We all know that Australia’s construction industry is a victim of the ageing population. With people remaining in the workforce longer, we ponder what this may mean for the construction worker and workplace safety.
The most common injury reported for workers over the age of 45 is musculoskeletal disorders, rather than workplace accidents. It seems, therefore, their abundant experience helps our older generation to avoid accidents. Their physical abilities, on the other hand, may cause other problems.
These incidences, however, are not exclusively due to an aging body. We often see the older generation skip safety measures as they over-rely on their own experience and judgment. Consider the term ‘she’ll be right, mate.’
Younger Workers Suffer More Injuries
But without a doubt, the skills our older workers possess are an asset. By ensuring they are taught the importance of safe work methods, we can keep them working safely for longer.
Australian statistics reflect that young workers are 17 per cent more likely to suffer a work-related injury than other age groups.
According to ProChoice, Australian statistics reflect that young workers are 17 per cent more likely to suffer a work-related injury than other age groups. Young workers often have reduced risk perception, are less likely to ask questions, and tend to overestimate their capabilities.
“Organisations should utilise their (older workers) experience to educate new workers,” Glen Hutchinson, Managing Director at HMC Safety Consultants, told Jobsite ANZ. “Most incidents are generally behavioural as opposed to systemic. Poor planning and coordinating will also result in poor execution.
“Most incidents I see involved workers aged between 18 and 26 years old. They’re often in a hurry to get things done but without the knowledge and experience.”
Rosie Nechie, Director of Essential Safety, told Jobsite ANZ that the only way to make WHS work is for the message to come from the top. “Management need to directly speak with their workers, ask them questions and engage them. If they are part of the conversation, then they are more likely to ‘own it’,” Nechie said.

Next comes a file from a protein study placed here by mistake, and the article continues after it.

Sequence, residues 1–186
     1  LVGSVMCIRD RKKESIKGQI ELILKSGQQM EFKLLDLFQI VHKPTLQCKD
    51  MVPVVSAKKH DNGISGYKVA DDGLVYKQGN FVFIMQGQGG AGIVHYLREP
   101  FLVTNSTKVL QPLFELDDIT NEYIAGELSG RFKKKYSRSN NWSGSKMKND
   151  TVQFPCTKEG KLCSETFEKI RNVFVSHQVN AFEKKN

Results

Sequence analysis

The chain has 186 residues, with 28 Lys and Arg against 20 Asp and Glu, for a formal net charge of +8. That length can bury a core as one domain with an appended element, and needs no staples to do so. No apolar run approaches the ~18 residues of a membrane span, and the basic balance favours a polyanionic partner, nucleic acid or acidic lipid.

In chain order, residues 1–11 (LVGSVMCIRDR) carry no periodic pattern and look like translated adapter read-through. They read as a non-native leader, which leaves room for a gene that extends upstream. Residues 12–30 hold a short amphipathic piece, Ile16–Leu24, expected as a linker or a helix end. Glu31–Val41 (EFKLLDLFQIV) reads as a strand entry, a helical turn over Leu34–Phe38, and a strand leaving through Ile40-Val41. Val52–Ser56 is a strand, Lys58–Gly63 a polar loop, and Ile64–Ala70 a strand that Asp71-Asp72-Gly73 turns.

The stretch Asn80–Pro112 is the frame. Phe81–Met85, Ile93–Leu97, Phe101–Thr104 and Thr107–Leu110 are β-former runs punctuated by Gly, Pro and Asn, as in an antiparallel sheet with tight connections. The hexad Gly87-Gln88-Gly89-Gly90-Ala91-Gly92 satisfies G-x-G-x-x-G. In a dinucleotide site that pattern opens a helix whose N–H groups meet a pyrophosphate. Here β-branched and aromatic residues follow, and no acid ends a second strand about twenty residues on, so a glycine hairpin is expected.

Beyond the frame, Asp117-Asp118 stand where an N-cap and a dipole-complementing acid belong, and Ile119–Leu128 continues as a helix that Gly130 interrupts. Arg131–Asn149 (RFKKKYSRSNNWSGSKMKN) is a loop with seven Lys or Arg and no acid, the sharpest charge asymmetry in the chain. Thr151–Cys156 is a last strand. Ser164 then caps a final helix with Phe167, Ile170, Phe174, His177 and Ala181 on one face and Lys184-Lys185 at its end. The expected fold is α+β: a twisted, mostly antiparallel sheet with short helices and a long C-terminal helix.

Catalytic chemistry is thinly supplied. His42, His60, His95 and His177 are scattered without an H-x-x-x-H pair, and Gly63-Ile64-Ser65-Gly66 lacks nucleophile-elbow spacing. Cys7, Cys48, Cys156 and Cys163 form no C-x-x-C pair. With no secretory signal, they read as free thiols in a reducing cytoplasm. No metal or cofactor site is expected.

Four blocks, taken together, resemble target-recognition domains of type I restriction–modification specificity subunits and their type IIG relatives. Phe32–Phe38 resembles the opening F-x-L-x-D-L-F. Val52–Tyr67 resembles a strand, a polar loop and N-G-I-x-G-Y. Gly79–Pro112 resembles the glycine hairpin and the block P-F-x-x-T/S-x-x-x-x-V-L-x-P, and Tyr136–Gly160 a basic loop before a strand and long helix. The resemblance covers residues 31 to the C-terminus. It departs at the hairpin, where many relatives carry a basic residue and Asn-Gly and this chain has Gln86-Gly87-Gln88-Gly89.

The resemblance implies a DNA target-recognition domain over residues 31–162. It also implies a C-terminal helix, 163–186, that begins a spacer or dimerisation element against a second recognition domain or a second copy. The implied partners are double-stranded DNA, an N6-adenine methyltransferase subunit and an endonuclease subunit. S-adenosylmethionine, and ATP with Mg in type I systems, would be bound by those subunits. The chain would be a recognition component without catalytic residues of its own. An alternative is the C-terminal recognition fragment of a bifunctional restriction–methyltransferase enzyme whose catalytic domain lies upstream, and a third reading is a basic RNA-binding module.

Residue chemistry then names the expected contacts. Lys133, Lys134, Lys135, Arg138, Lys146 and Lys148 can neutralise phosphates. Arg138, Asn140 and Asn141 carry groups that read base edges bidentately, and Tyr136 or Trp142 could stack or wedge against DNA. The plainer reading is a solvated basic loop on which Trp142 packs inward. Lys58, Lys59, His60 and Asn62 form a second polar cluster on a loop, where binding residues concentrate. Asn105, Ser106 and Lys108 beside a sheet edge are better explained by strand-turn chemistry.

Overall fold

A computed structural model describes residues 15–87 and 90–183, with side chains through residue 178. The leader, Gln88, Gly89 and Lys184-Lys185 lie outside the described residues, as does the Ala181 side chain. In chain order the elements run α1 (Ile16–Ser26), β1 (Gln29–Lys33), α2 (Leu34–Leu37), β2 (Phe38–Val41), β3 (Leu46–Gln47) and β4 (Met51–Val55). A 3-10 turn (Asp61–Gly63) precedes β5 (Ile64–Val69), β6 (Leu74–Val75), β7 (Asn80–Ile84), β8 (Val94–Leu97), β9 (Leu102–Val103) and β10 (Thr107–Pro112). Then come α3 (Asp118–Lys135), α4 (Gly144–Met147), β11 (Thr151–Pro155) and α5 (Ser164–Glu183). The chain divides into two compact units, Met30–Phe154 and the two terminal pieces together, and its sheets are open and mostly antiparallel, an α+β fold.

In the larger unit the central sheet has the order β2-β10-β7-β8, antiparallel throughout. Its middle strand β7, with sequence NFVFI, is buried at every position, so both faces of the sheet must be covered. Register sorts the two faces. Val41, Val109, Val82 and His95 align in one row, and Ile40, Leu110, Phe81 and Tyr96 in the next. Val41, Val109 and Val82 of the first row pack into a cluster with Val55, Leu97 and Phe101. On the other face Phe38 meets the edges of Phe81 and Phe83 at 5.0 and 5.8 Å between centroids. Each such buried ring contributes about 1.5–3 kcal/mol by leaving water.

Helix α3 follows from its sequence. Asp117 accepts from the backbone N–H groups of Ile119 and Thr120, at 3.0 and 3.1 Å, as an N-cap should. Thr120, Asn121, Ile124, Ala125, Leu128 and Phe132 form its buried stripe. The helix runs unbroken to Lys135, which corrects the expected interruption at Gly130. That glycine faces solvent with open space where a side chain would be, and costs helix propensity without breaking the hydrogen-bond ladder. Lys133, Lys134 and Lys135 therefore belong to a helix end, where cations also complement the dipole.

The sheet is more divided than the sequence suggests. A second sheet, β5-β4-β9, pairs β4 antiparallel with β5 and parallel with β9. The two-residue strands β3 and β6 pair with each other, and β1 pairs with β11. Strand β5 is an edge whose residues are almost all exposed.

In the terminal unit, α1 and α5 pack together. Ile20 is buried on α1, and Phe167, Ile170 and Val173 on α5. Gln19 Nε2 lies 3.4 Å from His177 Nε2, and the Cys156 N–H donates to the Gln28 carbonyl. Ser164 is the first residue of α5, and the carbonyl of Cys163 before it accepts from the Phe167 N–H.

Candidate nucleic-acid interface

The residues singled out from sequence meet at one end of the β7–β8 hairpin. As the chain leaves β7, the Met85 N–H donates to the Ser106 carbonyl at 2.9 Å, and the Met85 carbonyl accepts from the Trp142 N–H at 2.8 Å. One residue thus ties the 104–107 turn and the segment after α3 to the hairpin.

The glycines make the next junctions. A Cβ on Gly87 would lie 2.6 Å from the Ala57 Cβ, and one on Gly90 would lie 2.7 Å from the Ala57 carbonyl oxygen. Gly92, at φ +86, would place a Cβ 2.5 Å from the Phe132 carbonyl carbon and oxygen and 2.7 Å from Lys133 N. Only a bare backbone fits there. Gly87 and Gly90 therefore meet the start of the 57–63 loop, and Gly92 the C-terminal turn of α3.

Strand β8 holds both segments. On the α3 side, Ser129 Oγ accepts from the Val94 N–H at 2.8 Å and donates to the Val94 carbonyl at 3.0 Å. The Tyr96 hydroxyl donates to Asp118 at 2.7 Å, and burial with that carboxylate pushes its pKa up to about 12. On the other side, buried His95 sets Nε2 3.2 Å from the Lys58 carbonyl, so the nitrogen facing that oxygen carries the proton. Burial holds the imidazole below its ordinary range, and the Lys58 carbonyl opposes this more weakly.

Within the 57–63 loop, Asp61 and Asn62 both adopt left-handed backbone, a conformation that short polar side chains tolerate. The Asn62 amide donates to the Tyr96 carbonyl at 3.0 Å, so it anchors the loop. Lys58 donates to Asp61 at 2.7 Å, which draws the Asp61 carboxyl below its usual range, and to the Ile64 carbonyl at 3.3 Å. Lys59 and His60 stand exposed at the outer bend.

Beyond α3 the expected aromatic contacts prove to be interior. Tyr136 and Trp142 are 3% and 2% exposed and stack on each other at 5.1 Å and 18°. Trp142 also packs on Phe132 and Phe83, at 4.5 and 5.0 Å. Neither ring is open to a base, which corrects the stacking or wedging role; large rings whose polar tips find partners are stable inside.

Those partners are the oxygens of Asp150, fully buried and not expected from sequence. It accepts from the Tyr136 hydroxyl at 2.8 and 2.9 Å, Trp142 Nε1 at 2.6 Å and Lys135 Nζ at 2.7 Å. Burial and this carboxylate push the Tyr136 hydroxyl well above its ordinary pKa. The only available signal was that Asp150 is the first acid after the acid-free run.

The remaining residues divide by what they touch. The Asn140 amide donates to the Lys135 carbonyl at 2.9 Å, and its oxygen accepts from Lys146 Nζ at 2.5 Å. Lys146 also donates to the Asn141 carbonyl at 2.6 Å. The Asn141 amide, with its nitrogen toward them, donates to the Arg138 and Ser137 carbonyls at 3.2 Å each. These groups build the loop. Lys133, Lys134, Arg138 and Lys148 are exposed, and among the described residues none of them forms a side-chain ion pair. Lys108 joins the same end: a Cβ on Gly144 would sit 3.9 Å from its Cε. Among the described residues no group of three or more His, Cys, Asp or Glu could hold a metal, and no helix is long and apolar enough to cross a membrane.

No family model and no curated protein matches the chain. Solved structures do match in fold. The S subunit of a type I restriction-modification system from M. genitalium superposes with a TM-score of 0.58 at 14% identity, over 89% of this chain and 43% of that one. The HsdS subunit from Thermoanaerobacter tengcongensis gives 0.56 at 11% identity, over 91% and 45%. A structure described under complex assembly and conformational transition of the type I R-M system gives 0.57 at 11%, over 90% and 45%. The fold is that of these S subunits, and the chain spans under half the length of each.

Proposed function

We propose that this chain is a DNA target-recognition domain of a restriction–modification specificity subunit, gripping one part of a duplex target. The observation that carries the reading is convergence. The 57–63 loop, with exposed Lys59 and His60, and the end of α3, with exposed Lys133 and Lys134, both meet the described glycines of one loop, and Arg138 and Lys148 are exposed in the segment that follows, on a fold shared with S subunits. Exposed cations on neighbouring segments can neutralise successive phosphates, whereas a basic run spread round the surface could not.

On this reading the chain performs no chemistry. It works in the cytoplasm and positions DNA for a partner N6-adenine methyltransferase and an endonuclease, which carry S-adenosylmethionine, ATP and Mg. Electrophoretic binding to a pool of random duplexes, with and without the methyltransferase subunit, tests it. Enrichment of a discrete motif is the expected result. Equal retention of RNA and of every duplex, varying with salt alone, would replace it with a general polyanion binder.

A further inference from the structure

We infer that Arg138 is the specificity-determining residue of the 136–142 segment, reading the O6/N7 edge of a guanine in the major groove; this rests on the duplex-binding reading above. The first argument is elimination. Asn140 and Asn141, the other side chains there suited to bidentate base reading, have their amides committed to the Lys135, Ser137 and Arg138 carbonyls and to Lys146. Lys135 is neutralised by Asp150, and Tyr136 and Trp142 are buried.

More Face-to-Face Safety Training Needed
During one particular training session, Nechie engaged a physiotherapist to talk with the group. The physio asked them to lay on the floor, place their hand on their stomach and do a sit up. Then they asked the trainees what had happened to their stomach. The majority said their stomach stuck out when doing a sit up. Turns out they were doing it wrong. In order to sit up safely, stomach muscles should be engaged and drawn in.
A simple hands-on experiment like this hits home much harder than a policy that sits in the cupboard gathering dust or an online course delivered with little guidance.
“New employees are often given access to online safety training which needs to be completed prior to entering a job site. In order to get the training finished quickly and get out on the job site, many rush through the content just looking for the answers to pass.”
The West Australian government released an interesting report which mentions that people of all ages need time to adapt to changing requirements. When introducing changes to tasks or equipment, workers require time to adapt. Strength and fitness take time to develop no matter what age. Therefore, performance demands should be set lower while workers are still adapting to new work requirements.
While older employees can still safely perform manual handling tasks, the report suggests changes to make the process safer. The weight and size of objects should be reduced where possible, the distance between the object and the person lifting should be reduced, and mechanical lifting equipment should be used where practical.
Here are a few tech features that can assist with safety on the job.
Apps to Monitor the Qualifications of Workers Onsite
Apps allow for the collation of qualifications held by workers, making it easy to ensure that everyone has adequate certificates and licenses. This technology can track workers on site via GPS, and display a system alert if a worker enters an unauthorised area. This can substantially boost compliance and increase safety.
Site sensors keep workers safe, reduce costs, and predict maintenance needs by collecting data and analyzing it to make predictions. Certain sensors can alert relevant people, for instance, if temperatures are rising and thus help prevent a site fire. They can also monitor increasing humidity levels.
Wearables allow employees to be alerted to potential hazards, like heat stroke for outdoor workers or a change of heart rate for those performing strenuous tasks. Monitoring the movements of employees like bending, twisting, or repetitive motions makes it easier to gather data, which can later be used to modify work processes and prevent injuries.
As mentioned earlier, musculoskeletal disorders account for the majority of incidents among our older workers. Exoskeletons help construction personnel lift heavier objects, improve posture, and reduce body strain by redistributing weight.
“We have seen an increase in task rotation to mitigate prolonged exposure but this is a direct correlation of managing worker fatigue rather than being specific to the older workforce,” Hutchinson said.
“More emphasis needs to be adopted when engaging workers to do critical manual handling tasks. Their ability to undertake certain tasks needs to be evaluated prior to designating them. Workers should always be evaluated against an intensive pre-employment medical which encompasses the Functionality Capacity Assessment. It’s important to understand and determine job fit requirements.”
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